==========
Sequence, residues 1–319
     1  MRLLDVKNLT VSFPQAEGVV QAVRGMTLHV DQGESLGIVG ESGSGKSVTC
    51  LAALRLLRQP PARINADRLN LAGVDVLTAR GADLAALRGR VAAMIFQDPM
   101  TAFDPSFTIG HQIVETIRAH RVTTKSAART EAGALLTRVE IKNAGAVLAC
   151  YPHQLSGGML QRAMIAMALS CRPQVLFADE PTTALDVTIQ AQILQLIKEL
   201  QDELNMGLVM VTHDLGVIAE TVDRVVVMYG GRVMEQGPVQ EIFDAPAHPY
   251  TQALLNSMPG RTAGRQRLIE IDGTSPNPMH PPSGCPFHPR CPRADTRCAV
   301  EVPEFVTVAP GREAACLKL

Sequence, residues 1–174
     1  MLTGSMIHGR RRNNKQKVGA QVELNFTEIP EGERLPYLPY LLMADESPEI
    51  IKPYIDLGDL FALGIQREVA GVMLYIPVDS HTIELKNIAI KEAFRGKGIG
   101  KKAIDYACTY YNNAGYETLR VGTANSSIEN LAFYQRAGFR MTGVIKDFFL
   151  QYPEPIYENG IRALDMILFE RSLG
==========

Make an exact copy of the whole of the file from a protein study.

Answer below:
Sequence, residues 1–319
     1  MRLLDVKNLT VSFPQAEGVV QAVRGMTLHV DQGESLGIVG ESGSGKSVTC
    51  LAALRLLRQP PARINADRLN LAGVDVLTAR GADLAALRGR VAAMIFQDPM
   101  TAFDPSFTIG HQIVETIRAH RVTTKSAART EAGALLTRVE IKNAGAVLAC
   151  YPHQLSGGML QRAMIAMALS CRPQVLFADE PTTALDVTIQ AQILQLIKEL
   201  QDELNMGLVM VTHDLGVIAE TVDRVVVMYG GRVMEQGPVQ EIFDAPAHPY
   251  TQALLNSMPG RTAGRQRLIE IDGTSPNPMH PPSGCPFHPR CPRADTRCAV
   301  EVPEFVTVAP GREAACLKL

Sequence, residues 1–174
     1  MLTGSMIHGR RRNNKQKVGA QVELNFTEIP EGERLPYLPY LLMADESPEI
    51  IKPYIDLGDL FALGIQREVA GVMLYIPVDS HTIELKNIAI KEAFRGKGIG
   101  KKAIDYACTY YNNAGYETLR VGTANSSIEN LAFYQRAGFR MTGVIKDFFL
   151  QYPEPIYENG IRALDMILFE RSLG